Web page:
A lawsuit filed this week in U.S. District Court in New Hampshire charges that state real estate law related to the display of property information on a Web site stifles consumer choice and First Amendment rights.

The Massachusetts company that operates ZeroBrokerFees.com, a site that features for-sale-by-owner property ads, alleges that a state law requiring it to obtain a broker’s license is unconstitutional. The company has asked the court to block the state attorney general and the state real estate commission from enforcing the law.

ForSaleByOwner.com, another site that offers for-sale-by-owner property ads, won a similar case in California in 2004.

The New Hampshire lawsuit notes that state law makes it “unlawful for ZeroBrokerFees.com and similar businesses to operate in New Hampshire without first obtaining a real estate broker’s license,” even though the company does not represent individuals in real estate transactions. According to the law, the company is subject to licensing requirements because it “‘lists’ real estate for sale and/or charges an ‘advance fee’ for listing property in a publication or database and ‘assists … in the procuring of prospects, calculated to result in the sale … of real estate,” the lawsuit states.

But, ZeroBrokerFees.com also alleges in the complaint that its “business activities and the information it conveys are fully within the protection of the First Amendment to the U.S. Constitution as it applies to the states through the Fourteenth Amendment and reflect the exercise of fundamental rights of freedom of speech and of the press.”

As with the law that was successfully challenged in California, the New Hampshire law exempts newspapers from the real estate licensing requirement as it relates to the publication of property information. The Institute for Justice, a nonprofit libertarian law firm that represented ForSaleByOwner.com in the California case, is providing legal assistance for the ZeroBrokerFees.com lawsuit.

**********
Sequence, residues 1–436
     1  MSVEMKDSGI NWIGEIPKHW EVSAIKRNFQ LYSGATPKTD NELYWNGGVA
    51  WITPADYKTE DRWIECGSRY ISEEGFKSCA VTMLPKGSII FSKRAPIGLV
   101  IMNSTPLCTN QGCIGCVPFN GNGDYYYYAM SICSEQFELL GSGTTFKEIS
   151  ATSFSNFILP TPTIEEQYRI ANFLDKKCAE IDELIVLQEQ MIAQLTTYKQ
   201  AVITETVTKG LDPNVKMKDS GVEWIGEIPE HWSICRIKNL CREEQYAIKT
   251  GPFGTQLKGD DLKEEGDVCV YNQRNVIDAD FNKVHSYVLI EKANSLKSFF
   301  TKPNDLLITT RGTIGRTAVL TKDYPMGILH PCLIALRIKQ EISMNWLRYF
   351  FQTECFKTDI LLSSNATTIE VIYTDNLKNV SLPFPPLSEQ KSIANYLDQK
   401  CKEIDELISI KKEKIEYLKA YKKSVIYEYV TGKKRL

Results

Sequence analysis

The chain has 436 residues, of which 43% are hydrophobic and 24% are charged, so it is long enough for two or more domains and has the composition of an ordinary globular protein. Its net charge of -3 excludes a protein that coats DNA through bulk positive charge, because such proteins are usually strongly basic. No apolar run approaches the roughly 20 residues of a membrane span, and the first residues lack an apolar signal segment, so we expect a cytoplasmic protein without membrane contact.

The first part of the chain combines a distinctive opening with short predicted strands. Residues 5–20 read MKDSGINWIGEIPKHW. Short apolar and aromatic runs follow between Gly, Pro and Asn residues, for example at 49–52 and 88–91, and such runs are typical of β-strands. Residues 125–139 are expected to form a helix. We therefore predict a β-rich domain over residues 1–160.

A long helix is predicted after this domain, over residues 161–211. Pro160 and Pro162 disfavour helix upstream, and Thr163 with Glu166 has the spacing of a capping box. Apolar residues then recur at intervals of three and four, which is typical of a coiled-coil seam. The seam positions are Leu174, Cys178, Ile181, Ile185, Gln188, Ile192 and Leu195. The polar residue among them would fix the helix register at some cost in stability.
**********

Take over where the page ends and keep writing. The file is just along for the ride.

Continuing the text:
“Only publishers of real estate information are subject to the licensing requirements; newspapers and other publications of general circulation that publish the same information as the plaintiff are exempted from the licensing requirements,” the lawsuit claims.

Ed Williams, creator and founder of ZeroBrokerFees.com, said the company charges a flat fee that typically ranges from $49 to $79 to display property information. The site, which launched about 16 months ago, has about 14,000 property ads on display.

Williams is also the founder of ISoldMyHouse.com, a company that offers flat-fee property advertising services. He said he left that company last year to start up the new venture. ISoldMyHouse.com is the subject of an unresolved complaint filed with the state real estate commission by the New Hampshire Association of Realtors. The Realtor trade group charged that ISoldMyHouse.com should carry a brokerage license, while the Web site’s parent company, East-West Mortgage, has countered that it is not providing brokerage services and does not need a license.

Williams decided to go forward with the lawsuit before any similar complaints were filed over ZeroBrokerFees.com. “I didn’t want to be the next target,” Williams said. “This all boils down to First Amendment rights. We feel people should have multiple levels of choice when selling their home.”

He said it seems ironic that New Hampshire, with it’s “Live Free or Die” slogan, would require for-sale-by-owner sites to obtain a broker’s license to display property information. “Newspapers are exempt from New Hampshire laws and we feel we’re no different,” he said. “We’re just hoping we can uphold First Amendment rights and … the rights of the citizens of New Hampshire to be able to market their homes the way they choose.”

Representatives for the state attorney general, real estate commission and New Hampshire Association of Realtors were not immediately available to comment on the lawsuit.

Valerie Bayham, an Institute for Justice lawyer that is representing ZeroBrokerFees.com, said the New Hampshire lawsuit is very similar to the case that the institute supported in California. The New Hampshire laws relating to the real estate licensing requirements “are very broadly written. It’s very unclear as to where (the commission) is drawing the line,” she said. Bayham noted that three of five members on the real estate commission are also members of the state Realtor association.

While many people will choose to use a real estate agent in a real estate transaction, “they shouldn’t have to,” she added. Web sites that advertise property information should not be subject to the same licensing requirements as agents because they do not represent consumers as agents do, she said.

There are similar state laws in effect in Missouri and Illinois, Bayham said, though there are not any formal court challenges relating to laws in those states.

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